• Related reading: x86 memory segmentation, probably the one architecture people are likely to be familiar with that had a segmented memory model and all the hassles that came with it. – user22815 Dec 23 '14 at 21:35
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I understand that a "word" is just a set of bytes and that the word size is just how many bits wide the system bus is. But, he also says: "the most important system parameter determined by the word size is the maximum size of the virtual address space. That is, for a machine with a w-bit word size, the virtual addresses can range from 0 to (2^w)-1, giving the program access to at most 2^w bytes"

That's assuming a lot. The assumptions are not unreasonable, but holding them in a book pretending to introduce computer architecture to programmers seems a weakness of the book.

A word is a sequence of bits with the width used for normal argument of integer computation. (And that's still assuming that the architecture doesn't define a word with another, smaller, size which was the word used in an ancestor of the architecture.) That is often the size of integer registers. Bus have often that size, but they may be smaller or larger and are not really used to define what is the word size.

There is an important class of processors for which data addresses have the same size as word. That's not always true. There are other processors may have a smaller or bigger address space (this is somewhat out of fashion, the 8086 had 16-bit words but the addresses were 20-bit wide, the PDP-10 had 36-bit words but the addresses were 18-bit wide).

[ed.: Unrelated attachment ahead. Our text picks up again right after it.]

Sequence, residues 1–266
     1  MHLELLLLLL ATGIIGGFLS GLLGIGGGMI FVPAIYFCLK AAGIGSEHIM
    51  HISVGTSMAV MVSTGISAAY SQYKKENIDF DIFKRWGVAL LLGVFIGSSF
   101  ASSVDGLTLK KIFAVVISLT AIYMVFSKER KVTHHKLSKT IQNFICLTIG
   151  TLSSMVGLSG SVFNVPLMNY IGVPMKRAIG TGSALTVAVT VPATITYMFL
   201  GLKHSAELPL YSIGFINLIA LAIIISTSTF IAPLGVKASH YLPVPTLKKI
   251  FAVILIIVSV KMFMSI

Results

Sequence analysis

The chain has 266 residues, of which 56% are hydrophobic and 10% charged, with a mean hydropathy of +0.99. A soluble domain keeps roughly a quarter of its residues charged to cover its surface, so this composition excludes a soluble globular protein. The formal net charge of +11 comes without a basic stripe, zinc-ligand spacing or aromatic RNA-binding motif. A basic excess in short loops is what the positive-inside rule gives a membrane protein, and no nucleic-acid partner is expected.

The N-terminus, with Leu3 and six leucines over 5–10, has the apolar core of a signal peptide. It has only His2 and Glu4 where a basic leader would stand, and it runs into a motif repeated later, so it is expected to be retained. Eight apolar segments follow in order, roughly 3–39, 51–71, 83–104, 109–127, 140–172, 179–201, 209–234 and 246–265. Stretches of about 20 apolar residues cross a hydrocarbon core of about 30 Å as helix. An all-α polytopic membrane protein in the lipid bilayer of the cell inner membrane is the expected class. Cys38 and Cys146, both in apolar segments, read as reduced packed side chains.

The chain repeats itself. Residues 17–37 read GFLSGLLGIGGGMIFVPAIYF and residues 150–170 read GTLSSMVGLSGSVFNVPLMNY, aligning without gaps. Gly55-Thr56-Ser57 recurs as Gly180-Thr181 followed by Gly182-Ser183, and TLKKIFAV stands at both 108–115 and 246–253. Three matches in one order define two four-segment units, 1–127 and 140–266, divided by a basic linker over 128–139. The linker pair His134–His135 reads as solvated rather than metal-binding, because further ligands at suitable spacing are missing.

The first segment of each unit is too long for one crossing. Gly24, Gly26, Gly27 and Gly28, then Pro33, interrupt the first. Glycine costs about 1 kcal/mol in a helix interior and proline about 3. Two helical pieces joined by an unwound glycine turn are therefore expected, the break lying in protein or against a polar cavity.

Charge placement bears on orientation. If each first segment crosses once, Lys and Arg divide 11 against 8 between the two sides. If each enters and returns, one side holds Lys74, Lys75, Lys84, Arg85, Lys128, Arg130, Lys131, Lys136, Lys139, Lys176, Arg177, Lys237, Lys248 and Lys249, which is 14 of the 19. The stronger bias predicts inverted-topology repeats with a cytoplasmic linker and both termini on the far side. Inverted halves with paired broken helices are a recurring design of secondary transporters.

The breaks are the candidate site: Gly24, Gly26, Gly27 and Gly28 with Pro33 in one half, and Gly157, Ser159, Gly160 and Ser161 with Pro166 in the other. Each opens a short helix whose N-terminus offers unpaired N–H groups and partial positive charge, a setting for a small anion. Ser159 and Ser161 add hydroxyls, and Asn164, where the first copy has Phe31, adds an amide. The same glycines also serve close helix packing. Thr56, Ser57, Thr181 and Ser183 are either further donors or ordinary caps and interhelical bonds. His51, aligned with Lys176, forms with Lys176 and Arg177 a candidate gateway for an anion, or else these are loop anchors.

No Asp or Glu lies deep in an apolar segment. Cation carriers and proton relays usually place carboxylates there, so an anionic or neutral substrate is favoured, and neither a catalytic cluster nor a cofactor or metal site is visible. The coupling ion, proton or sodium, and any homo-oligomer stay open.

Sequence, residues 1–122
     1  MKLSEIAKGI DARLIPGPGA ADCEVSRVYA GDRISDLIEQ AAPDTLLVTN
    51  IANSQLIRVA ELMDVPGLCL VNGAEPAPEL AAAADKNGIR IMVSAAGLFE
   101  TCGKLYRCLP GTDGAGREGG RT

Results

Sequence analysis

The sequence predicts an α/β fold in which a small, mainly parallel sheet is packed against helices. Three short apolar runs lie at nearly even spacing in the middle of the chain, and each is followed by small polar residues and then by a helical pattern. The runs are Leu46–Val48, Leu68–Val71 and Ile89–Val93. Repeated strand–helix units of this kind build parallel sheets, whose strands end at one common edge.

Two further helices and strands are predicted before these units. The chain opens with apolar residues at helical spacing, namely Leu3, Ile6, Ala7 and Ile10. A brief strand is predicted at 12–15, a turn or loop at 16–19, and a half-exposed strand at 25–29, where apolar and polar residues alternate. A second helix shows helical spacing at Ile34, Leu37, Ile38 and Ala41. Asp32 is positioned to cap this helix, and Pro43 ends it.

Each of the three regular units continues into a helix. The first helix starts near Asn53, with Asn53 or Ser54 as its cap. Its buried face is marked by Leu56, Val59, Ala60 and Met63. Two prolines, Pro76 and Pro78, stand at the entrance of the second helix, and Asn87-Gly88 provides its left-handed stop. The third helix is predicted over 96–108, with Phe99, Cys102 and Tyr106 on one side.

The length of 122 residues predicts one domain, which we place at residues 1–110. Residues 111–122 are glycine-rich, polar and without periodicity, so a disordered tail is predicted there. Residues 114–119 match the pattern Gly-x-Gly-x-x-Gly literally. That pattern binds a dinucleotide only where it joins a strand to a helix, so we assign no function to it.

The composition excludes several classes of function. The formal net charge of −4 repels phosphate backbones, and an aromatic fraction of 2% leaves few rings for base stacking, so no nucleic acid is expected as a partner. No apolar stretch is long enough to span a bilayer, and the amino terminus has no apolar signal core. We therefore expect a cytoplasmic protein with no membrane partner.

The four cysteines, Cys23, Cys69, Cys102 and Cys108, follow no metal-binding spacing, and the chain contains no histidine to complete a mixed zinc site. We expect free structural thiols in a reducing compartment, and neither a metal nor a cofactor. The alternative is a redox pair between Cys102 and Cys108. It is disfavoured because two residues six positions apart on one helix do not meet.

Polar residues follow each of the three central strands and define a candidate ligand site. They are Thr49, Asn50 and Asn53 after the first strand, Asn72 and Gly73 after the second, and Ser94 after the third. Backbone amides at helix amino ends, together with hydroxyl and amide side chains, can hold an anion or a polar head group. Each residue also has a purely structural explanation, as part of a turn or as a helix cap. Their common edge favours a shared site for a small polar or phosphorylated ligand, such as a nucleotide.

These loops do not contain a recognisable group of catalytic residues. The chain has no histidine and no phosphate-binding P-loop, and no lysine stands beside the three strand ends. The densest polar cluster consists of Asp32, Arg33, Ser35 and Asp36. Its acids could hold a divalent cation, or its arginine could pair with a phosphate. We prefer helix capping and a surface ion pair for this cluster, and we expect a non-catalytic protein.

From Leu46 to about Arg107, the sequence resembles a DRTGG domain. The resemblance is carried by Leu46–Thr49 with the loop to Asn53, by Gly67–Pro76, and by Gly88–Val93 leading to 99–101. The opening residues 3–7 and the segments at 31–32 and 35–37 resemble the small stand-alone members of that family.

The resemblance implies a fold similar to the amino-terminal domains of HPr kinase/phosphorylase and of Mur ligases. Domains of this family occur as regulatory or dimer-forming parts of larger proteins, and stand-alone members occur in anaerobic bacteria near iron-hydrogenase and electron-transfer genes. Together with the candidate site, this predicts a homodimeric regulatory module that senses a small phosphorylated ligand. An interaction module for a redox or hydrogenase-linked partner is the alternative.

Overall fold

There is an important class of processors for which each byte of memory has its own address. That's not always true. There are other processors which give addresses to words, not to bytes. That's also out of fashion for general purpose processors, but more specialized one like DSP are still doing that.

So if you have a processor which is in those two classes, a word of width w bits may holds 2^w different value, each referencing one byte. This is a maximum for the virtual memory size. The processor may have architectural restrictions which prevent the use of all that space (reserving part for the OS, for IO), or it may have other restrictions (the data structures used to map the virtual memory to the physical one in 64-bit processors often are not able to map the whole 64-bit space). There are at least two instances of machines which ignored the high order byte of 32-bit addresses and programmers have taken advantage of that (using those bits for flags and other stuff) leading to a painful evolution when later one wanted to use the bits for addresses (IBM 360 and MC68000 as used on Mac).

  • I actually misinterpreted his original definition. I'm editing the question to reflect his exact definition – Luke Dec 23 '14 at 18:46
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    @LukeP, that doesn't change much. Word size is a property of the ISA (Instruction Set Architecture). Bus sizes is a property of the implementation of the ISA (also called micro-architecture). A bus may be wider or smaller than a word, that's not important for the programmer. The same ISA may be implemented several times, with different bus size. – AProgrammer Dec 23 '14 at 18:54
  • but the bus is still going to be sending the same amount of information over, it just may have to be done in a different amount of "words" right? – Luke Dec 23 '14 at 18:59
  • Yes. You have to think about the ISA as the interface between software and hardware. And as most interface, its goal is to expose functionality and hide implementation. And buses (there may be several, of different width) are part of the implementation. – AProgrammer Dec 23 '14 at 20:44
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A w-bit word can represent 2^w distinct values. If you had more than 2^w addresses, you'd have addresses that don't correspond to any combination of w bits.

If each address corresponds to a byte in memory, then 2^w addresses gives you access to 2^w bytes.